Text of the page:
Trawling by ships big and small is a major contributor to overfishing, driving species such as the bluefin tuna to extinction. After the nonprofit Oceana analyzed federal fisheries data, it estimated that 22 percent of catch is thrown overboard annually in the United States alone. That so-called bycatch includes dolphins, seals, sea turtles, and other marine life. Beyond the decimation of marine life, all that waste costs the U.S. fishing industry an estimated $1 billion a year.

Please click HERE to read more how they used a drone to bust an illegal fishing operation on our website…

(Above: Costa Rican fishing trawler – credit Operatives.)

Updated Catch Reports Section of ROFFS™ Website

Thank you to ROFFS™ client Brad Durham fishing aboard his 26′ boat offshore of NC last week for sending in the nice shot of this SMOKER kingfish. (See Photo Above.)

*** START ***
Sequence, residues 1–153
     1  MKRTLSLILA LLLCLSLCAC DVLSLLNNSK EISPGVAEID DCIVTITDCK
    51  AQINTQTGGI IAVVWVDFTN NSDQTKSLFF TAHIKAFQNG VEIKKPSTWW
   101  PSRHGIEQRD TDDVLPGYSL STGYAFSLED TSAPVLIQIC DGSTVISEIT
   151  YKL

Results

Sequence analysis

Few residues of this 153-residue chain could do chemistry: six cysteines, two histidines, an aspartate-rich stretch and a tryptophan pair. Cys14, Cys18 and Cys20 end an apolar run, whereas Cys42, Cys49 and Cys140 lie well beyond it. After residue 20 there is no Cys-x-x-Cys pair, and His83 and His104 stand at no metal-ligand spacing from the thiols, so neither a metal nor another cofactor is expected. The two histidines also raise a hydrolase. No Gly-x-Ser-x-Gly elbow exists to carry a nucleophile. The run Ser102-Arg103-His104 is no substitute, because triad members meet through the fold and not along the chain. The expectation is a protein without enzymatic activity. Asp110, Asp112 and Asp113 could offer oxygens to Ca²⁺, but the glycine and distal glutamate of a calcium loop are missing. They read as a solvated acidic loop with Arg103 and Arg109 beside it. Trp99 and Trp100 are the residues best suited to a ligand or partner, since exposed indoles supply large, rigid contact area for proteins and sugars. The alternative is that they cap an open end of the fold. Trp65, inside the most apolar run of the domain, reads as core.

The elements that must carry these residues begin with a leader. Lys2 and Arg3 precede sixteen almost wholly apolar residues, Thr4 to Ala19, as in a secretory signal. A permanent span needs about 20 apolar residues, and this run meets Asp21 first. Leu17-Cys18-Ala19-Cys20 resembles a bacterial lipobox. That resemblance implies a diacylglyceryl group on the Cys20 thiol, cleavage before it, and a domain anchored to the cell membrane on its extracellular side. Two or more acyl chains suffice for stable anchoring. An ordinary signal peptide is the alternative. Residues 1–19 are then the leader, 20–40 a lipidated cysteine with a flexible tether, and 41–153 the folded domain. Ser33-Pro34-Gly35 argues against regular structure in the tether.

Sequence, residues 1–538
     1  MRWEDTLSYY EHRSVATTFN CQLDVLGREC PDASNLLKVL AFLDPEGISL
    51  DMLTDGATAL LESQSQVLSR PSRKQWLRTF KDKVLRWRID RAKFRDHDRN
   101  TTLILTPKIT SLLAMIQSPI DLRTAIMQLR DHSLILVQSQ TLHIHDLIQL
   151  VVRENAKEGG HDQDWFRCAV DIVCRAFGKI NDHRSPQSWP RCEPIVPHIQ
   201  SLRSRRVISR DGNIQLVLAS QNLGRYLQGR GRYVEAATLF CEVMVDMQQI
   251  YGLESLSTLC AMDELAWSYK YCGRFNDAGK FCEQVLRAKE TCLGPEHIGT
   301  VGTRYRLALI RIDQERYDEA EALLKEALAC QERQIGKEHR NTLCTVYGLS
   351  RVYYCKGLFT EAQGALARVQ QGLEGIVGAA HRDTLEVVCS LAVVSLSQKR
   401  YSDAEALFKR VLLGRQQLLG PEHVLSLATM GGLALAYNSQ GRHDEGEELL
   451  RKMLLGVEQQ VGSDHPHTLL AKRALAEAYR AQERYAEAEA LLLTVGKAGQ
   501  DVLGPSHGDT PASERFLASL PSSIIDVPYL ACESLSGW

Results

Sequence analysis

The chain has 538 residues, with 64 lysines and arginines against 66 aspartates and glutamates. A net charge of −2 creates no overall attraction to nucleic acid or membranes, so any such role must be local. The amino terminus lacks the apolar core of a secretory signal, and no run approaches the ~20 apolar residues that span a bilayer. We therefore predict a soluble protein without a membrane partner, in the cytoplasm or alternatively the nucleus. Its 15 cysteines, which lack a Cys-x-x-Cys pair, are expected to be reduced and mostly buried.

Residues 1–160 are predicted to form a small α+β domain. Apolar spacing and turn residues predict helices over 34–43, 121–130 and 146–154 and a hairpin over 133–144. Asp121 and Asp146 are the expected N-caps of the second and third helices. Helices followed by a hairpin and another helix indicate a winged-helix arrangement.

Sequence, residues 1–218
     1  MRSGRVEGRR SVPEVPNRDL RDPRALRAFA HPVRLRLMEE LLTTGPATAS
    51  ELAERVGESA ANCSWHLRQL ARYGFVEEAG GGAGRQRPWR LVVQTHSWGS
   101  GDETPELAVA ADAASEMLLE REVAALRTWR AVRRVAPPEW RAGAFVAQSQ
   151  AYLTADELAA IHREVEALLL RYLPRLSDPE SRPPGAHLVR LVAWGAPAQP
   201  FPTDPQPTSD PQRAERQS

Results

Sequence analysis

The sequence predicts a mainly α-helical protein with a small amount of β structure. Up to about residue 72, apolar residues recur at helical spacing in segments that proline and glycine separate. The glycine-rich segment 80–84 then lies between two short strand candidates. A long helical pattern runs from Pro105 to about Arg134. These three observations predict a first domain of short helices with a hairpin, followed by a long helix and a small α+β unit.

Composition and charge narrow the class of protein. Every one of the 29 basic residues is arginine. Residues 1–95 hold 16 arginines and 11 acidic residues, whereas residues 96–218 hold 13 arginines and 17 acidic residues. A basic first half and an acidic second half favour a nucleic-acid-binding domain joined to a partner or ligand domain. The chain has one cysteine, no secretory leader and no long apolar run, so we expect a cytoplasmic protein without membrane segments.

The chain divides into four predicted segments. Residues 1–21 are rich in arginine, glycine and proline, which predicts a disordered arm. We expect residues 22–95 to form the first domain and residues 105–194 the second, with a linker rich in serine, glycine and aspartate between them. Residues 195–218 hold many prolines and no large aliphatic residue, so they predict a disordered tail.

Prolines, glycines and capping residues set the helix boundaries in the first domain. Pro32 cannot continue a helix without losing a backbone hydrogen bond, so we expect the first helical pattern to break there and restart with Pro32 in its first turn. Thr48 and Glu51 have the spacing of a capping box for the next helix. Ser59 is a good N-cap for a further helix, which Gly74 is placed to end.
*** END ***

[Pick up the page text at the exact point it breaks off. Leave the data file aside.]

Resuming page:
Be sure to visit the section titled “Catch Reports” located under the “Insights” tab on our ROFFS™ website that will feature current catch reports from areas such as the Northeastern U.S., North Carolina/Hatteras, South Carolina/Georgia, Florida, the Florida Keys, the Bahamas, and the Gulf of Mexico.   We continue to post weekly updates in this category so please check back often.

Please click HERE to view last week’s catch reports…

Thank you to ROFFS™ client Danilo Garcia fishing on the “Sin Bin” for sending in the phone of his nice tuna catch this past weekend (See Photo Above.)

Swedish Kayak-Angler Sets New Unofficial Record with 1,247 Pound Shark

An angler from Sweden has shattered the unofficial record for heaviest fish caught from a kayak, after reeling in an estimated 1,247-pound Greenland shark on September 1.